Myth-busting common money-saving methods

Written by Annie Charalambous, Head of Communications at ETX Capital

Recent figures suggest Brits’ savings reached the second-highest levels on record in the wake of the COVID-19 pandemic, as spending opportunities were limited for over a year.

And it seems the increase in funds has driven a demand for investment, with two-thirds of Brits reportedly planning to buy stocks and shares in the future.

ETX Capital is keen to help budding traders make the most of their investments. Our experts have looked at popular money-saving myths – here’s how you can avoid common pitfalls.

Saving with banks

We all know banks have been the traditional go-to for savings, but are many of us letting our earnings stagnate?

Research suggests that cash ISAs are the nation’s top savings account choice. However, with inflation rates expected to hit over 4 percent next month and interest rates still low, leaving your money sitting in the bank won’t help you achieve the greatest return, and you risk losing out in the long run.

Finance experts typically recommend to ‘save for the short term and invest for the future’, meaning that you should only consider widening your investments once you have a comfortable level of savings.

A wider investment portfolio may include diversifying to a stocks and shares ISA or even working with a financial expert to find the right fit for your needs.

Can crypto equal cash?

A recent study found that 45 percent of young investors made their first moves in the financial markets with cryptocurrency, believing it yields greater returns than traditional assets.

However, it’s vital to remember that crypto is a volatile market – largely due to a lack of regulation and because sudden shifts in investor sentiment can significantly move market values.

For experienced traders, cryptocurrencies provide both an opportunity to diversify portfolios and access a burgeoning asset class. Even so, research is essential in the crypto market. Before trading cryptocurrencies, you should first understand the asset and its role in the market – as well as whether you can afford to cover any potential losses.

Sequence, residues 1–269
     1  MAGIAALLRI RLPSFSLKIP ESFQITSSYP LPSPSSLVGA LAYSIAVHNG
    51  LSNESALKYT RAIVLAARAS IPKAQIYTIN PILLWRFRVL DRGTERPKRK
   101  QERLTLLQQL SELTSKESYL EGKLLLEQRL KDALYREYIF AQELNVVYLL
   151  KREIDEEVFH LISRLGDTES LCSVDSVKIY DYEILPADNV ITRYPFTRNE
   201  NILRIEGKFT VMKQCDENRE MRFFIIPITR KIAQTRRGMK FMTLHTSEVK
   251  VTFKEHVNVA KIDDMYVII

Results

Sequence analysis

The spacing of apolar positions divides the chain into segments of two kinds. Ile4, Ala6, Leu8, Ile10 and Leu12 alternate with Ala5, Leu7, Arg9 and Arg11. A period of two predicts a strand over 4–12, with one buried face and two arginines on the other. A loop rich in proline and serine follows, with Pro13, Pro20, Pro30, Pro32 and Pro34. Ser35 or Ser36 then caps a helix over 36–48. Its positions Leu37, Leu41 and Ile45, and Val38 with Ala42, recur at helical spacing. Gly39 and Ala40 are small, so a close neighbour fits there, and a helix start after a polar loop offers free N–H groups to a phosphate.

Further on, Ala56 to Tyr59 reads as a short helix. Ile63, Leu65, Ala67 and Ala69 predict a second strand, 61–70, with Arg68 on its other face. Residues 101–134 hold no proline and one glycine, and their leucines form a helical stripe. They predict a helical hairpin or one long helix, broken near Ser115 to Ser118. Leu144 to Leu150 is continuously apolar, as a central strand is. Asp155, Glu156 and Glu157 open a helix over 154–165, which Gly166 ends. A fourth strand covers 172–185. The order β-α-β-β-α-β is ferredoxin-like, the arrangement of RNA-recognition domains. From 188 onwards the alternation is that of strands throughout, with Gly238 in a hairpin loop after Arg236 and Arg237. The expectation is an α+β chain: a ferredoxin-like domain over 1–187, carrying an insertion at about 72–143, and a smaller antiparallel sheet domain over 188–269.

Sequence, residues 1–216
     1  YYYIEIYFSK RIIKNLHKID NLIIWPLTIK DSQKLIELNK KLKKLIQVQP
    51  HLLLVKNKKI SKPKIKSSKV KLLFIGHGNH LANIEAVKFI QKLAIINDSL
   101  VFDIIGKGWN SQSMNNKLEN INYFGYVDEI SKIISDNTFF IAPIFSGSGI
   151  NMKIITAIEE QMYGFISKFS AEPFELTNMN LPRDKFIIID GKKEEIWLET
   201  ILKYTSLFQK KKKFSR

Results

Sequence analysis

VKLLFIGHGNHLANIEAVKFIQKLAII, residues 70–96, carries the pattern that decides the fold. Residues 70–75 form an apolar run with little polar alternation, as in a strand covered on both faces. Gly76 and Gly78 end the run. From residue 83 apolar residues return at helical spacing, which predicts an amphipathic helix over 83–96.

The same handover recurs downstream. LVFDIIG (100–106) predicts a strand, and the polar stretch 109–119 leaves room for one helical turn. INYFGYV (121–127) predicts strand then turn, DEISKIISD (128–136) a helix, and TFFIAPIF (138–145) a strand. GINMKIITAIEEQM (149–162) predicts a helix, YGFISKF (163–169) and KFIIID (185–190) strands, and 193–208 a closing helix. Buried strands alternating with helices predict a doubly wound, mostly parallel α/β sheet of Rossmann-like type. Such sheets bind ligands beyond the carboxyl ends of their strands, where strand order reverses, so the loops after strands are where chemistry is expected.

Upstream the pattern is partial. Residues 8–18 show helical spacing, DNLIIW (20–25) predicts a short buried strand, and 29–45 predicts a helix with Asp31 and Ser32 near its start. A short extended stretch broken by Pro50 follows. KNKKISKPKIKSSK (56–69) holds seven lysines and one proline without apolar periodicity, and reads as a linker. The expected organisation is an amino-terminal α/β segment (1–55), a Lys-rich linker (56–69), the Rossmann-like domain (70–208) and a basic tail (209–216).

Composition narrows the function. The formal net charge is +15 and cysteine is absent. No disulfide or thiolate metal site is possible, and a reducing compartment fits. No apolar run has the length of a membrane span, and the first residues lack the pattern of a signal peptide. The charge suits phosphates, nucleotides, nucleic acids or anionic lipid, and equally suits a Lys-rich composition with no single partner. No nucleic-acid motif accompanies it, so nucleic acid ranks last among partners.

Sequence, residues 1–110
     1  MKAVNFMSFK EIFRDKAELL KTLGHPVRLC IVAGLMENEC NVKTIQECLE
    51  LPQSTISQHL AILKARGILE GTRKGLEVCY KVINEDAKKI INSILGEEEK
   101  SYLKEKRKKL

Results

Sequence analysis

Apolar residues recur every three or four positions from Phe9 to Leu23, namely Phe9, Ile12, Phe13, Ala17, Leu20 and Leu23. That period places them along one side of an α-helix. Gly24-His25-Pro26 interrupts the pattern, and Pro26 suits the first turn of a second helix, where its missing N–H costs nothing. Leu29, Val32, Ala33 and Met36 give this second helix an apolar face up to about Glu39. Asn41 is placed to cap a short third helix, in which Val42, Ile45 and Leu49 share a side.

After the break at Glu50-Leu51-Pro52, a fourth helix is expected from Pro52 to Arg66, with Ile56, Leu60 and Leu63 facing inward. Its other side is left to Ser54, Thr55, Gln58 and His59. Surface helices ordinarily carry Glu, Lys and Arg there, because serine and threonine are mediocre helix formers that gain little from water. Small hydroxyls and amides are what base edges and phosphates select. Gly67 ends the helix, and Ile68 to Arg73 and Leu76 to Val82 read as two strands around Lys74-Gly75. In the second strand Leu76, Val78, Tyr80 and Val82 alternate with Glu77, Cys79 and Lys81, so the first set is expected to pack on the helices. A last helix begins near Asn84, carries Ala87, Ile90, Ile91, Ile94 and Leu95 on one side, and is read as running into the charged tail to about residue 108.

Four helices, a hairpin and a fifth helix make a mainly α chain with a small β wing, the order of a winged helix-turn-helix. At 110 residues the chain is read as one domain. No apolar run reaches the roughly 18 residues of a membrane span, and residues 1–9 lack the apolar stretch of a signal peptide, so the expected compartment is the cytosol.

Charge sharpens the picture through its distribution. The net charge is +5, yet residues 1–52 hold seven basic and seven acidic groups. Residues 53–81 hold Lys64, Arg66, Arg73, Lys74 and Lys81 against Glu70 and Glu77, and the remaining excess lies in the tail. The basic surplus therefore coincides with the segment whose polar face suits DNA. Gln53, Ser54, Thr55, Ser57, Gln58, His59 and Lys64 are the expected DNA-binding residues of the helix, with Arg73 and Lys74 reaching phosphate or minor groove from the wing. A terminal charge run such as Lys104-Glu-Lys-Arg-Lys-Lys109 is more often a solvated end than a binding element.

25-percent interest and you

Since the closure of the ‘Help to Buy ISA’ to new applicants in 2019, the ‘Lifetime ISA’ has become a popular savings account for those looking to capitalise on attractive government bonuses.

Savers between the ages of 18 and 39 can stash up to £4,000 per year in a Lifetime ISA and earn a 25-percent bonus.

However, these funds can only be used to purchase a first house or prepare for retirement.

If you’re keen on getting on the property ladder, this might look an attractive way to top up your savings. But for those looking to boost their retirement pot or simply save for other ventures, it could be more prudent to diversify your portfolio with a wider range of financial assets.

For example, personal pension schemes also allow you to prepare for retirement, but without annual limits. Premium bonds, on the other hand, offer a risk-free alternative for holding cash, with the opportunity to win bonuses each month.

Safe houses

Investors sometimes view the property market as the ultimate investment, but in reality it’s not that simple.

While stocks, shares and savings accounts offer easy access for those with varied resources – and relatively minor premiums – the property market can be filled with hidden fees.

Not only is real estate simply unattainable for many starting investors, there are extra costs to consider even if you can afford to jump on the housing ladder. These range from broker and legal fees to insurance costs and potential landlord expenses. This is why some investors look to expand their portfolios beyond real estate, hedging against unexpected costs and market volatility.

Their expanded portfolios may include markets like commodities, which are less likely to be impacted by the same factors that affect the housing market.

About Lisa Baker, Editor 693 Articles
Lisa Baker is the Editor of Always Finance, and writes about Business, Finance Technology and Healthcare. Lisa is also the owner of Need to See IT Publishing.